House of Commons Hansard #149 of the 38th Parliament, 1st Session. (The original version is on Parliament's site.) The word of the day was animal.

Topics

Question No. 186
Routine Proceedings

3:15 p.m.

Conservative

Jay Hill Prince George—Peace River, BC

What steps has the government taken to give effect to the motion adopted by the House on February 22, 2005, that called on the government to implement the measures recommended in the Auditor General's report to improve the framework for the accountability of foundations, in particular, to ensure that foundations are subject to performance audits that are reported to Parliament and that the Auditor General be appointed as the external auditor of foundations; if no action has been taken, what explanation can the government give to justify its decision?

(Return tabled)

Question No. 188
Routine Proceedings

3:15 p.m.

Conservative

Jay Hill Prince George—Peace River, BC

Considering the 48 recommendations by the Special Joint Committee's December 1998 report, For the Sake of the Children, what steps or actions have been taken, by the government, in order to address these recommendations on issues regarding the voice of the child and joint custody in divorce proceedings?

(Return tabled)

Question No. 194
Routine Proceedings

3:15 p.m.

Conservative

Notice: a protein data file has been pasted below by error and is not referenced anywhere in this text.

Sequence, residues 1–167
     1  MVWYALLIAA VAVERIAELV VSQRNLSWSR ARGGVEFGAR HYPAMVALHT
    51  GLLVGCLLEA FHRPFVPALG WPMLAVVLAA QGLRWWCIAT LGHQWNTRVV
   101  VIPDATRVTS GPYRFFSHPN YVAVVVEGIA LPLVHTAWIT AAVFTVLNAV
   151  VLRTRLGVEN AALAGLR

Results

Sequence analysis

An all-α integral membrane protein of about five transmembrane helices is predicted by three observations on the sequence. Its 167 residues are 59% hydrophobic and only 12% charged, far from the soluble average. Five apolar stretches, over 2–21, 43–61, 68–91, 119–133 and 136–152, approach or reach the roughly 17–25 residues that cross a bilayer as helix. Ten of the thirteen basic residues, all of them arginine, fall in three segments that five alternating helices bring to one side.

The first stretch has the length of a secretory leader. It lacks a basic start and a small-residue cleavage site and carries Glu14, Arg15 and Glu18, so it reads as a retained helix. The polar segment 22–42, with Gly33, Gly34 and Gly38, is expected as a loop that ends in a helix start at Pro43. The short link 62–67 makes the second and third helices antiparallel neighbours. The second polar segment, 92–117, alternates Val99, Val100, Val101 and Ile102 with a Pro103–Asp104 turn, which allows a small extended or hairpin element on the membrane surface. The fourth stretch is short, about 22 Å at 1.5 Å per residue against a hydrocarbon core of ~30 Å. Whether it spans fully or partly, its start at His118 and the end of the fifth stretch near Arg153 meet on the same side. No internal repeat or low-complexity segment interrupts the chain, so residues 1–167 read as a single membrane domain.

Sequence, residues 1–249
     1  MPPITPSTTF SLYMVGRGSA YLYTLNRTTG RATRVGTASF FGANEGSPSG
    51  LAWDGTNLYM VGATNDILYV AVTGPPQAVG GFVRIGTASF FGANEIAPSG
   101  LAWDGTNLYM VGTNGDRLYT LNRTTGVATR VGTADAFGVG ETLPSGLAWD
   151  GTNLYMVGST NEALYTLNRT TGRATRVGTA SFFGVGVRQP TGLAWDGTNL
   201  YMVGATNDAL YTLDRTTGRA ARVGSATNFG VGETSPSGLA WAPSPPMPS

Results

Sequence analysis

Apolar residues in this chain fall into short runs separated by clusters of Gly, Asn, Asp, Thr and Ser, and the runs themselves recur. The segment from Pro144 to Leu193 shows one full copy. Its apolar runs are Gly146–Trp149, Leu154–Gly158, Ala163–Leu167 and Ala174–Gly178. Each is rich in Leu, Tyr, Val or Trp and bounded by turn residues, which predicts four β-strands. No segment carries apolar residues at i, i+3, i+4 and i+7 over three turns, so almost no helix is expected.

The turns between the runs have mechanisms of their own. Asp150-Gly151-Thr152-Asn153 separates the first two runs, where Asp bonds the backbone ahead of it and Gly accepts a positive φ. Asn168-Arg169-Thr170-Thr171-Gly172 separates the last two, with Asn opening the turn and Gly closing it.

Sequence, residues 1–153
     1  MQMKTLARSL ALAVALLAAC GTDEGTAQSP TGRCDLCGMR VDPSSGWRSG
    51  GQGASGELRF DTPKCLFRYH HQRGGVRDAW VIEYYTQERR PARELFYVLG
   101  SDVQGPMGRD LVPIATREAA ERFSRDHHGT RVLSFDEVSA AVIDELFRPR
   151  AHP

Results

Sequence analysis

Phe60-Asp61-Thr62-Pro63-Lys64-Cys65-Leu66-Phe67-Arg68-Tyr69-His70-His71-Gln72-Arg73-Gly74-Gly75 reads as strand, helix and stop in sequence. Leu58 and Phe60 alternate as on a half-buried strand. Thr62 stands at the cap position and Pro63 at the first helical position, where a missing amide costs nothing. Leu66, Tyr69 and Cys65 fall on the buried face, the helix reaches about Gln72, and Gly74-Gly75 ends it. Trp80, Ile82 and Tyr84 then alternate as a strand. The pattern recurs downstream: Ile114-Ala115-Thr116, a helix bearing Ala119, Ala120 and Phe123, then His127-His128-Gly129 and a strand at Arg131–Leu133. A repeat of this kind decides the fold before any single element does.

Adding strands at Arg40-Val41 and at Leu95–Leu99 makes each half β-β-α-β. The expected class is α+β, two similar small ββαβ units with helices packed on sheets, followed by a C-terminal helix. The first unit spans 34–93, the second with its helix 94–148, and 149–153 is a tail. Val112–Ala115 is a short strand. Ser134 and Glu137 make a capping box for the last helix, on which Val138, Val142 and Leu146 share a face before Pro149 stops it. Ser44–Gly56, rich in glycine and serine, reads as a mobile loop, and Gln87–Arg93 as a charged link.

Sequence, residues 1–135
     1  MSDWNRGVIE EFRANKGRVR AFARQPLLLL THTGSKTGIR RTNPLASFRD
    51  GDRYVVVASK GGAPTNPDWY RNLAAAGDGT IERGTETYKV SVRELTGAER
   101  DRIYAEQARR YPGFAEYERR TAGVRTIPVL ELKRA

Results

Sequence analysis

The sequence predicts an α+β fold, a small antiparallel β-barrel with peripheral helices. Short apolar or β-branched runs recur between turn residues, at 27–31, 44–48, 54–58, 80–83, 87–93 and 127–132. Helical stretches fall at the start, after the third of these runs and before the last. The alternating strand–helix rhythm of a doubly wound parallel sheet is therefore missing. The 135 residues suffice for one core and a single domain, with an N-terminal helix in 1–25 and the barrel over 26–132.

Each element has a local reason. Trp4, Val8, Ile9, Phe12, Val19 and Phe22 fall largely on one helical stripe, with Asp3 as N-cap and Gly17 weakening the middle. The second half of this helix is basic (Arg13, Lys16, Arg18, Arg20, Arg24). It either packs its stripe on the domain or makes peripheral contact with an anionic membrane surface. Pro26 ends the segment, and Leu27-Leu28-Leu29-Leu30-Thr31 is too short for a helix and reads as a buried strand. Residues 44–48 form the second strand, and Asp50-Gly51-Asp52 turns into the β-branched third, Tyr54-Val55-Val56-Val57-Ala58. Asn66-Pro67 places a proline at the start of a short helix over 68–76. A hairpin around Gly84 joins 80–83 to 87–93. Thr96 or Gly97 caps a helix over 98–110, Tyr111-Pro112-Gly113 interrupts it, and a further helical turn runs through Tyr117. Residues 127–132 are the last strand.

Dave Chatters Westlock—St. Paul, AB

With regard to cancer research and treatment, does the government and its departments and agencies provide funding to pharmaceutical companies for cancer research, treatment and drug development and, if so, on a yearly basis: ( a ) how much funding was given; ( b ) which pharmaceutical companies received funding; and ( c ) what type of research was funded?

(Return tabled)

Question No. 196
Routine Proceedings

3:15 p.m.

Conservative

Lynne Yelich Blackstrap, SK

With regard to funding for Canada Day celebrations, including funding from the Celebrate Canada program, for 2005: ( a ) which organizations and governments received funding; ( b ) how much did each organization and government, broken down by province, receive; and ( c ) were there any pre-existing criteria determining which organizations and governments would be eligible to receive this funding, and, if so, what were they?

(Return tabled)

Question No. 200
Routine Proceedings

3:15 p.m.

Conservative

Inky Mark Dauphin—Swan River, MB

With respect to the Department of Fisheries and Oceans, what strategy for sustainability has been put in place for sport and commercial freshwater fish in Manitoba, Saskatchewan and Alberta?